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The Purbalite

Veronica Sikora
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Slowdrive’s return shows growth

Image via Wikimedia Commons
Slowdrive’s new album, Everything is Alive, ventures a modern indie rock territory.

Slowdive’s fifth and most recent release, Everything is Alive, ventures into a more modern, indie-rock territory, but begs the question of whether resurgences are necessary. 

The band is best known for its piece Souvlaki, which explored dark and intense sounds that seemingly told a story – and was released almost 30 years ago. 

Slowdive’s musical silence lasted from 1995 to 2017, and when the band returned with its self-titled album, fans were greeted with familiar dissonance and lengthy tracks, along with a new, upbeat sound. 

To many, Everything is Alive is a deterioration. In reality, it is a beautiful example of artistic liberty. 

A common critique of modern music is that it’s too different from artists’ original work. But while Everything is Alive is a long reach away from Souvlaki, it still adequately creates a melancholy and mature sound, which gracefully tells the story of how the band has grown.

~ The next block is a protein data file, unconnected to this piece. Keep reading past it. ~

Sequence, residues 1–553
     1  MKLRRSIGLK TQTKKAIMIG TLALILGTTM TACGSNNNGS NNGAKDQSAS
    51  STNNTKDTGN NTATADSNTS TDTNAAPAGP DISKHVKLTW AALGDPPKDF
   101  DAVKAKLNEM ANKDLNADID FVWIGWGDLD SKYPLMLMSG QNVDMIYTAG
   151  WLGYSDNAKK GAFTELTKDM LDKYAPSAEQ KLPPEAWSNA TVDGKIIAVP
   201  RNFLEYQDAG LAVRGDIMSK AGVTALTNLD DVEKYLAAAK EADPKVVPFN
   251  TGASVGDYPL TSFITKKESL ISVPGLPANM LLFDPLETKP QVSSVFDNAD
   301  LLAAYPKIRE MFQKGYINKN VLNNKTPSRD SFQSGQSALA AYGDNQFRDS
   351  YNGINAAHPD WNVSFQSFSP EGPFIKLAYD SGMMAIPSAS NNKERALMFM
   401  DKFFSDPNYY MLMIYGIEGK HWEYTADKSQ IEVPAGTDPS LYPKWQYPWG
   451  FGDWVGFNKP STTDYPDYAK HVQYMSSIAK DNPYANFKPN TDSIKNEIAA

The album features much more clear and clean vocals, like in the track “Andalucia Plays.” Meanwhile, “The Slab,” the final track on the album, features instrumentals that are some of the best that Slowdive has ever put out. 

For music fans who enjoy long instrumentals and dark sounds, stick with Souvlaki. However, for emotions in the range of growth and healing, combined with a more developed sound, look no further than Everything is Alive. 

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Aria Majcher
Aria Majcher, Entertainment Editor
Entertainment Editor Aria Majcher is a senior in her second year on the Purbalite. If she’s not spending all of her money at a record store, it’s probably because she’s spending all of her money at a concert. 
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